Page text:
I mean, you can talk a lot about supply and demand and let the free market run its course and things like that. But it seems that when you've got sneaky deals and dark alleys and things like that, it's hard for nature to run its course without someone saying, Hey guys, here's the rules let's play by the rules at least.

Michael Murphy, PharmD: Yeah, exactly. I mean, what, what, [00:50:00] what's the term, the invisible hand, the, the invisible hand that guides the supply and demand of our free market. Uh, there's something wrong with it within the healthcare industry and, and specifically within our pharmaceutical supply chain. So we can either continue on and say, Let's hope that this solves itself, or we can take action.

And one of the ways that we can take action is through passing legislation and regulations to ensure that there's appropriate oversight. And that we were talking about Arkansas earlier. That's exactly what they did. And they won their major SCOTUS case showing that it was, uh, that it was allowed. 

Mike Koelzer, Host: I don't think this is in your budget, but let's just pretend that you had a private jet all right.

And unless this was an important part of it, you didn't have your school duties right now. You were just the PHA duties with state governmental affairs, and now we're coming out of COVID and you have this private jet. What would a week look like for you? If you were flying around meeting governors or going to different states and then popping back to the US capital every so often, what would you do with a private jet to really make an impact on you?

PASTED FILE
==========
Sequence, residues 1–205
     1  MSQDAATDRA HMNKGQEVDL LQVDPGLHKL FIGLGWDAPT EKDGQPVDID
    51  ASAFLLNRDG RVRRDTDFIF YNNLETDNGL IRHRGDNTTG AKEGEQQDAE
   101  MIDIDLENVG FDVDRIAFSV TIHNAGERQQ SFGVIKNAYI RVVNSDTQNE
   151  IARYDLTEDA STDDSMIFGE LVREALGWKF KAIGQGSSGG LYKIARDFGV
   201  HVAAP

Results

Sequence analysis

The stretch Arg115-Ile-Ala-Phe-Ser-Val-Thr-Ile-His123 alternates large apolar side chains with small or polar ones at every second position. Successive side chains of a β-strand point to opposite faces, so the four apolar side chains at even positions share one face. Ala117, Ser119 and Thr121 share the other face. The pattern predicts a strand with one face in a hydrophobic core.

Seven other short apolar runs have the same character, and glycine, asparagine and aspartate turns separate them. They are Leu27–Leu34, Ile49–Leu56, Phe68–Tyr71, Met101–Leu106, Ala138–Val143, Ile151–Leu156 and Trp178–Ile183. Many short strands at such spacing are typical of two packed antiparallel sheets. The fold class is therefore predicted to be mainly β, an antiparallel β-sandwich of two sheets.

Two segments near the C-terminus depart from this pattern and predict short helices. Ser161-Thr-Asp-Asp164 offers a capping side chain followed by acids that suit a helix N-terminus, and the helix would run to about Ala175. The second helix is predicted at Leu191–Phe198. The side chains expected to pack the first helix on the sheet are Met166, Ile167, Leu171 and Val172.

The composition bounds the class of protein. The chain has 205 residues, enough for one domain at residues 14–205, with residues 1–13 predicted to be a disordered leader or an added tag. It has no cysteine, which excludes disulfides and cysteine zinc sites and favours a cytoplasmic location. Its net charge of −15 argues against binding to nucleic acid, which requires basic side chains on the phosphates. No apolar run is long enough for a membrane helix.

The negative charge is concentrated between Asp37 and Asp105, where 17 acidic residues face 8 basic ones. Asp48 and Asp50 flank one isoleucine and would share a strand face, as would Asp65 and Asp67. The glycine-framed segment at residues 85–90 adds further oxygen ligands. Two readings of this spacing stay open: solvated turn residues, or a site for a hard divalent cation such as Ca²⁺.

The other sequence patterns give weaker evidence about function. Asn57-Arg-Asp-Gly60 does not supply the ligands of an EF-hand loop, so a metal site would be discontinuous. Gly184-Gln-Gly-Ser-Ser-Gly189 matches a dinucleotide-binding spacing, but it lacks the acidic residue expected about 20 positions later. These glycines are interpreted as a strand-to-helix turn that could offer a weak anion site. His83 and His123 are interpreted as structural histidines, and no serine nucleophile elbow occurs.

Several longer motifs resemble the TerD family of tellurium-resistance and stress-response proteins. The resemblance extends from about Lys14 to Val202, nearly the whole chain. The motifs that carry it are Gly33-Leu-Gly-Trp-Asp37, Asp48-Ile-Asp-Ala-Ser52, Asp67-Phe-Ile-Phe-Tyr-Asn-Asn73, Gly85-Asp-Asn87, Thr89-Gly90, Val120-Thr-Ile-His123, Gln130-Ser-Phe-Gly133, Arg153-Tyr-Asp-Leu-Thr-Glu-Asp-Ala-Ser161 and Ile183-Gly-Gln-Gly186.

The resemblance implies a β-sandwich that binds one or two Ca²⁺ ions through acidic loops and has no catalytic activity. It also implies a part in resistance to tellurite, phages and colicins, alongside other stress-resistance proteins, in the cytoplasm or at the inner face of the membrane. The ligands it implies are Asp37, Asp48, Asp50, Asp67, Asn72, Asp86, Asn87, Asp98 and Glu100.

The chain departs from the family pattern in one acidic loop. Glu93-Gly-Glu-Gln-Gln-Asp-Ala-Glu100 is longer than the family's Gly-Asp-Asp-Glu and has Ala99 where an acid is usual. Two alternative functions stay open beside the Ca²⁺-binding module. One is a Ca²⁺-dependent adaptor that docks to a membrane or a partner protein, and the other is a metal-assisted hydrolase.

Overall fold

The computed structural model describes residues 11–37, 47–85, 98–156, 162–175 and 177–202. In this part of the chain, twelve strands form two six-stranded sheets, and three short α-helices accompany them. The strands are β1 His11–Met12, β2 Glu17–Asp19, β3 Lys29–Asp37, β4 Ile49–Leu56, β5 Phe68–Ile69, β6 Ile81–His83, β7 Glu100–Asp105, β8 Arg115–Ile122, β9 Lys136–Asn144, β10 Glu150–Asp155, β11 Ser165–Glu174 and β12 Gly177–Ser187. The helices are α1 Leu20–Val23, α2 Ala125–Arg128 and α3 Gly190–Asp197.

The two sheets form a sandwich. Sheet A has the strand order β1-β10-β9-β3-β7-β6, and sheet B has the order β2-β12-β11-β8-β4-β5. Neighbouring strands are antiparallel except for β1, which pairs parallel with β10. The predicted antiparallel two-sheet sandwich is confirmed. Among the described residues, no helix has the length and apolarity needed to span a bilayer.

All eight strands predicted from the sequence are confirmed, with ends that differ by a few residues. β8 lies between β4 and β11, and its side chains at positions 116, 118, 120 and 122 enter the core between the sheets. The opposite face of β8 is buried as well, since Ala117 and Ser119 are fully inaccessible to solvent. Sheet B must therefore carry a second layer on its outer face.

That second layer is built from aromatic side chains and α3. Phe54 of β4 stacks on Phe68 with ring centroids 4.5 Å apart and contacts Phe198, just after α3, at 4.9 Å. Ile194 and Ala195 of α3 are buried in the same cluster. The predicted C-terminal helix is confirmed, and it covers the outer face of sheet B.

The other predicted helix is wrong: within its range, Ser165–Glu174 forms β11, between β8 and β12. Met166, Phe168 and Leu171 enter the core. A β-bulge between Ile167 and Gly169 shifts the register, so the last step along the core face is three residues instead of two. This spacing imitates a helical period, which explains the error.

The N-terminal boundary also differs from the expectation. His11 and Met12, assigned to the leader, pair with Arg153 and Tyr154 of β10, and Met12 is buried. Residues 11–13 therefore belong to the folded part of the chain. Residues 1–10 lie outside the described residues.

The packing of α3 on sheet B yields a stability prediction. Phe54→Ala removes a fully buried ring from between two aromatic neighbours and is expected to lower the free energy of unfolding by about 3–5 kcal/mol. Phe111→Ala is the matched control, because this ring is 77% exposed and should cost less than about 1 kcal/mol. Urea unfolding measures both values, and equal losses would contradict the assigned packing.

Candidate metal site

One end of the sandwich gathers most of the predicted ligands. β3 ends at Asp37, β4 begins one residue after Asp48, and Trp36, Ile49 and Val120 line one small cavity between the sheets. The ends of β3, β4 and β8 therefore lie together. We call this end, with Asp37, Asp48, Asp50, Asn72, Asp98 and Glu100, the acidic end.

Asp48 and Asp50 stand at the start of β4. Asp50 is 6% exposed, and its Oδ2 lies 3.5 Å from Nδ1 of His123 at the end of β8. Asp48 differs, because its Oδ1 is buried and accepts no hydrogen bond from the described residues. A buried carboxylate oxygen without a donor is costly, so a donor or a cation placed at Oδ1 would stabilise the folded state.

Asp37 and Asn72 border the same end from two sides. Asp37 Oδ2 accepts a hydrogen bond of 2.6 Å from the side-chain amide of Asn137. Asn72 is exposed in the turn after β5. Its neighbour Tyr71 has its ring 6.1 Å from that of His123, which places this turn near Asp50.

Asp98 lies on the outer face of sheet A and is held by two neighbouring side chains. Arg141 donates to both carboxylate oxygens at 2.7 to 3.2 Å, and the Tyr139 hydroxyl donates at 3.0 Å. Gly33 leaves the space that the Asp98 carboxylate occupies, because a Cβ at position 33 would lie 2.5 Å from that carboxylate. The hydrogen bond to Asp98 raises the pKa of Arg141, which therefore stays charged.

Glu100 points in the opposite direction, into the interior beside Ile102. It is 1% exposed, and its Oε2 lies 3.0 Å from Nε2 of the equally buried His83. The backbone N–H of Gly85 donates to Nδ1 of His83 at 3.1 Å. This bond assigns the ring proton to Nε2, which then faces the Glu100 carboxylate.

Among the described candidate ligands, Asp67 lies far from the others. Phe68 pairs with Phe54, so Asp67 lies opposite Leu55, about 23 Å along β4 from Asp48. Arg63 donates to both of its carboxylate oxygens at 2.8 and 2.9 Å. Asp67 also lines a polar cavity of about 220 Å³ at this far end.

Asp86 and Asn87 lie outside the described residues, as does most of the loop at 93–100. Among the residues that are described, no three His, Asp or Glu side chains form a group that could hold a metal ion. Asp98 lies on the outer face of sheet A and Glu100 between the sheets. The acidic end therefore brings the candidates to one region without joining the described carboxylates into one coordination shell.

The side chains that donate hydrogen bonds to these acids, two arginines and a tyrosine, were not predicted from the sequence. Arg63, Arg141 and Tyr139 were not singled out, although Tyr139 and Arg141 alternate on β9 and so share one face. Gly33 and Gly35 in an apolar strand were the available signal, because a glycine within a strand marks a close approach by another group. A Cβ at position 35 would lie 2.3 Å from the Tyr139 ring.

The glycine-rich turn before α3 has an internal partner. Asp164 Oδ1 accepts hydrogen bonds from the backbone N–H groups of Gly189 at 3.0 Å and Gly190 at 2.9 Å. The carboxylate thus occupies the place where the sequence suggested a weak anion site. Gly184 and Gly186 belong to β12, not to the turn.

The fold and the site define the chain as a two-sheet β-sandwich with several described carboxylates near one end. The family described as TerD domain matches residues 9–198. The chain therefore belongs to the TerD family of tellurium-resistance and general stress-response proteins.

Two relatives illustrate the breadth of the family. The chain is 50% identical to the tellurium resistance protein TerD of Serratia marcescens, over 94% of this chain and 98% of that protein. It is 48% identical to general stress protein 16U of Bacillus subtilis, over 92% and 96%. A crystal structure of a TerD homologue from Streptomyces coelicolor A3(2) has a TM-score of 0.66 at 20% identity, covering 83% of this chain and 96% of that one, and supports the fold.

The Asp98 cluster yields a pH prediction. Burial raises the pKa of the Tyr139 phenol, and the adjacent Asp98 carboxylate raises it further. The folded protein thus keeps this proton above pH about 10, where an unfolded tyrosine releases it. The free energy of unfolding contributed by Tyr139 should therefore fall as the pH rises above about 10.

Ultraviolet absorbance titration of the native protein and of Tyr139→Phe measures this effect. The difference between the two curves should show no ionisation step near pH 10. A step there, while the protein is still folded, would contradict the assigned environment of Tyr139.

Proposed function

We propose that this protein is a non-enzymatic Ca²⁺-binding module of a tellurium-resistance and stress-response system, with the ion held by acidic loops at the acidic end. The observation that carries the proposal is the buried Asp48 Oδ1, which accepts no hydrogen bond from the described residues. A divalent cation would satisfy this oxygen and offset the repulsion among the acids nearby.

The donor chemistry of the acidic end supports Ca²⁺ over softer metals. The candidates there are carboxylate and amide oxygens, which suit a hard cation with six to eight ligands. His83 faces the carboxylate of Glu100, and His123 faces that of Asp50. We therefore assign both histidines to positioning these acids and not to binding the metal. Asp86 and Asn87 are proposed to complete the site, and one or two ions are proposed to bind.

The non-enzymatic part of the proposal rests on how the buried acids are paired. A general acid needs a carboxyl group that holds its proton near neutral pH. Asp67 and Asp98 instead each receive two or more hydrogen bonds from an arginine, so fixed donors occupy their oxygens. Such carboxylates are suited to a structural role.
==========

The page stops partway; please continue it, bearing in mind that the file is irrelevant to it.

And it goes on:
Michael Murphy, PharmD: Well, let's also throw in the assumption there that, uh, this is a free private jet because I, of course, would be spending all member dollars appropriately. It's a free jet 

Mike Koelzer, Host: that you don't have to worry about the environmental footprint or the cost or whatever. I'm gonna lend you. My private jet now, what are you gonna do with 

Michael Murphy, PharmD: it?

I would love to be going and working with state pharmacy associations to support them in their efforts, to get pharmacists paid for their patient care services and advance different policy efforts. So for me, You know, I would probably start off flying over to Colorado and meeting with Emily. Who's their executive secretary there at the pharmacy association and talking about some of the conversations that they're having right now with their department of Medicaid to begin the process of figuring out how do we enroll pharmacists as providers within the state.